Each Wednesday, I post my response to a question from the Redefining Disability Challenge. This is my response to the thirty-fourth question in the Challenge. As usual, I am not looking ahead to future questions, so I may inadvertently address some topics which will come up later in the Challenge. Here is this week’s question:
How has public perception of disability changed in your lifetime?
This is a question I struggled to answer. It should be an easy answer. I ought to be able to say public perception of disability has changed in a positive manner in the course of forty-two years. Most of the time, in my world, I can say that. The physical environment we live in has become more accessible. More people with disabilities are pursuing higher education. When I travel, rarely am I the only person using a wheelchair in public spaces. Every television set I’ve owned for the past fifteen years has closed captioning options. More books and magazines are available in alternative formats.
But while there has been some very positive movement towards community integration, I can’t say there is a positive perception of disability in our society.
I can’t say it because I continue to hear strangers tell me and others, “I’d rather die than have to rely on someone else to help me with personal care.”
I can’t say it because I regularly receive invitations to events but when I call to ask about accessibility, most times the event planners have not considered anyone other than a nondisabled, hearing and sighted person might attend their event.
I can’t say it because each week I read a blog post written by someone with a disability explaining (once again) why it is rude to assume people with disabilities need help and to just provide said “help” without asking first.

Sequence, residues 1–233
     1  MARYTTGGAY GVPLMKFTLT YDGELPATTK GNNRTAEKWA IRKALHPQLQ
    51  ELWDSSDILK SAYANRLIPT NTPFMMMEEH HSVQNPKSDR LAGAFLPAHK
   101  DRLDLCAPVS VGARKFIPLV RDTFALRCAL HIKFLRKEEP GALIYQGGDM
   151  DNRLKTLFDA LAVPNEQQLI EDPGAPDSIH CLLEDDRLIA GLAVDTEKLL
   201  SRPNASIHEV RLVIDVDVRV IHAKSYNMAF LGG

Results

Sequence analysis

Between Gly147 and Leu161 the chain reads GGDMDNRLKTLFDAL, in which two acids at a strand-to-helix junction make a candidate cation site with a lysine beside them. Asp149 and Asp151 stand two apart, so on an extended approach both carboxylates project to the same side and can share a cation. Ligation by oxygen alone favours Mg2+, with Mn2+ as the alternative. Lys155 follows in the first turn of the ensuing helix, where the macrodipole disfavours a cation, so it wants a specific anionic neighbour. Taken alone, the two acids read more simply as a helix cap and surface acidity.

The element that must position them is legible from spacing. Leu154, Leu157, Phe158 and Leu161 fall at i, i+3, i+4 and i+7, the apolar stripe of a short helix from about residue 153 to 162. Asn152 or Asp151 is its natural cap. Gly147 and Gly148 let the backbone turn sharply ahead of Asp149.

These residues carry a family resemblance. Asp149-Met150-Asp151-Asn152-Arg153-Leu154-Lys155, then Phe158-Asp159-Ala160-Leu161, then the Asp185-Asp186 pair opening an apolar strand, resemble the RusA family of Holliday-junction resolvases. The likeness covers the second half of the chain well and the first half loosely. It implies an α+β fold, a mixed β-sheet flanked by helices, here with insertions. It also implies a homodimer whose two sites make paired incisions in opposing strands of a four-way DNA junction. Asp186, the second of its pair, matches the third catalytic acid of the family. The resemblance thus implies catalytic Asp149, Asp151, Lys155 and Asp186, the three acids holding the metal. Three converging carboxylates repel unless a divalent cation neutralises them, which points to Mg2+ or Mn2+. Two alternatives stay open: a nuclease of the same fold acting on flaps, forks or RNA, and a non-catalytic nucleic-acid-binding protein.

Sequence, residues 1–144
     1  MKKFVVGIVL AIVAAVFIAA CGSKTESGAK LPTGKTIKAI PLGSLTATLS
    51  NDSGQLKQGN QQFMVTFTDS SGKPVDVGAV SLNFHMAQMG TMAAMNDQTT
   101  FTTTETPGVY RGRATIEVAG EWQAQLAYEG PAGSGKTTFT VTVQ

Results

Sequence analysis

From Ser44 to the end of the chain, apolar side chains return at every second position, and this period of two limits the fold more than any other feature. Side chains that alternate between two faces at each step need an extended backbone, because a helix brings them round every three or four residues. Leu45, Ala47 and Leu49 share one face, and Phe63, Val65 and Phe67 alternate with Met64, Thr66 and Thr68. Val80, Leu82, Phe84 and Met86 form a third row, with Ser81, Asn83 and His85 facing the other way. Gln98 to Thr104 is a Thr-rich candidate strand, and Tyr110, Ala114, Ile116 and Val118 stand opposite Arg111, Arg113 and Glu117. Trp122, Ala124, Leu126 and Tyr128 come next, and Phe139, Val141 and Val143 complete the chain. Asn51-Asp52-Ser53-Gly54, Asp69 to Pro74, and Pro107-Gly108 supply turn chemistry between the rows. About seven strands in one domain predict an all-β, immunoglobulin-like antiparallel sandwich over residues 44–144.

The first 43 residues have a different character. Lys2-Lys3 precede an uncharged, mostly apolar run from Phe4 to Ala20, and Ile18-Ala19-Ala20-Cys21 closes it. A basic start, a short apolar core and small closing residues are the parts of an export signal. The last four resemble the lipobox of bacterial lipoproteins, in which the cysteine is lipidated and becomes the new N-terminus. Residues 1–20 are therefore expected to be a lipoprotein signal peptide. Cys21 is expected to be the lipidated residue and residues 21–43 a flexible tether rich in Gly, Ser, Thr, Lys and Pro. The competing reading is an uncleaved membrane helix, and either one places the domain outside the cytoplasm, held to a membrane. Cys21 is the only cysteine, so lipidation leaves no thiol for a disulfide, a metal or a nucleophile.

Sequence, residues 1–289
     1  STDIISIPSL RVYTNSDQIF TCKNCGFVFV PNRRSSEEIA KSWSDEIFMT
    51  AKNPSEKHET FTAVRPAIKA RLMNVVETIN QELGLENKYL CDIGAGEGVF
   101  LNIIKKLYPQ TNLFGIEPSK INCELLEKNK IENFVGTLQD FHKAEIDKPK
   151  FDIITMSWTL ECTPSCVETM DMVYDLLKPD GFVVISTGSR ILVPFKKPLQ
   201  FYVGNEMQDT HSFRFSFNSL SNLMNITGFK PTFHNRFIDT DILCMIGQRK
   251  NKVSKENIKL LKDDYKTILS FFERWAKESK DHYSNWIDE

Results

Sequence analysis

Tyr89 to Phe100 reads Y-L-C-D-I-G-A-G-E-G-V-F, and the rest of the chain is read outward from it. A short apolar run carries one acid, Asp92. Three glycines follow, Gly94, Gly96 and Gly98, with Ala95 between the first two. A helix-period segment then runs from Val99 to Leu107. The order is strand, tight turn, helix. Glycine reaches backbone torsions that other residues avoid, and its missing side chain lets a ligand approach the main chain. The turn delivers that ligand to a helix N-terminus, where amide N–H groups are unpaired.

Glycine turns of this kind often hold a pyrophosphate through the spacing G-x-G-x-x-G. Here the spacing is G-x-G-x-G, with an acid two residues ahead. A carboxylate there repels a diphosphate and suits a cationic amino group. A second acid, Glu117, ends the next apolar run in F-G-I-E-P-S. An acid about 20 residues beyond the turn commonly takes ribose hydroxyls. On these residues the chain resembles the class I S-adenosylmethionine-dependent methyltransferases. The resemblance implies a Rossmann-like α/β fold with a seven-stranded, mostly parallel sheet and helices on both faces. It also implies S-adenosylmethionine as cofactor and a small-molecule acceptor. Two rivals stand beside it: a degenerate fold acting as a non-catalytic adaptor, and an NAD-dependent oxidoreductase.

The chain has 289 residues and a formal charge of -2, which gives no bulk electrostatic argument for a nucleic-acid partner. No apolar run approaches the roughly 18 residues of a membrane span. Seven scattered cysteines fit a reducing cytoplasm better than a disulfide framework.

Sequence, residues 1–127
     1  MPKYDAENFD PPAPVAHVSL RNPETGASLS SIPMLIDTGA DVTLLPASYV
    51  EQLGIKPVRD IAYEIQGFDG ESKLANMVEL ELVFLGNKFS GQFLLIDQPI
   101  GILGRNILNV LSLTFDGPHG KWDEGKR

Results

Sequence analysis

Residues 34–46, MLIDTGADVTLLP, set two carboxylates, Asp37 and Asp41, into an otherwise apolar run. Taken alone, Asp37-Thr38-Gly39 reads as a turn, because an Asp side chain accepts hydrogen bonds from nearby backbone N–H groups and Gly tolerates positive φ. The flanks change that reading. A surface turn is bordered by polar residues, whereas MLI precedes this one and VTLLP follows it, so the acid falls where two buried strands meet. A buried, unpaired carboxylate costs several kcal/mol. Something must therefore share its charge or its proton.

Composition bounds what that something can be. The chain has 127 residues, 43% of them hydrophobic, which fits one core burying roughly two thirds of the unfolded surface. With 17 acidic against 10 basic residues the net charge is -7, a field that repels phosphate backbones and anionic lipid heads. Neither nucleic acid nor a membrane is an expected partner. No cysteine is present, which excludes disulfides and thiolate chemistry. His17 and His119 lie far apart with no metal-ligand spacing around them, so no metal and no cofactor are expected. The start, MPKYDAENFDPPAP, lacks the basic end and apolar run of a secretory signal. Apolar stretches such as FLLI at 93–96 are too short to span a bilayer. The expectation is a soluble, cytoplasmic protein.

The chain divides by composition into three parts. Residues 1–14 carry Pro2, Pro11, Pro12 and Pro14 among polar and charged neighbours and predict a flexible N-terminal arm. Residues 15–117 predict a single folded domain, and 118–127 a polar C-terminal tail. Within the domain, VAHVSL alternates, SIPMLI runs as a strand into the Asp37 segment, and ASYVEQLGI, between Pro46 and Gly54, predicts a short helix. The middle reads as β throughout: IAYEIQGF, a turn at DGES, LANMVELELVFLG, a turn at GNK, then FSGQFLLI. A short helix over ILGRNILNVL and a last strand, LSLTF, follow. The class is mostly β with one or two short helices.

I can’t say it because only 35% of Americans with any type of disability are employed either full time or part time, as opposed to 76% of Americans without a disability.
I can’t say it because I am still told, “It’s nice to see someone like you out.” As opposed to where – in an institution where people who use wheelchairs should obviously be???
Does this mean everyone has a negative perception of disability? Of course not. In fact, with one out of five people self-reporting disability, chances are good you know someone (other than me) who has a disability of some sort. You probably are related to, and may even like, some of these people!
But when was the last time you saw a media story about a person with a disability which did NOT feature their disability? In my personal life, I can count on one hand the number of media interviews I have completed in my lifetime which have not involved my disability. And a quick Google search will tell you I have never shied away from media.
Part of the reason for me completing this blogging challenge was to provide my own disability story as I want to tell it as an alternative to the disability story often portrayed in mainstream media. There are many people with disabilities who are using blogs, YouTube and other social media to tell their own stories. I shared some of the ones I regularly read in this post.
I hope as more people with disabilities share their stories, the public perception of disability will start to change. Social supports and disability policy will hopefully reflect changing realities for people with disabilities and allow them real equality rather than regard them as second class citizens without autonomy. When that happens, perhaps disability will be viewed as part of the continuum of life, and not something which must be avoided at all costs.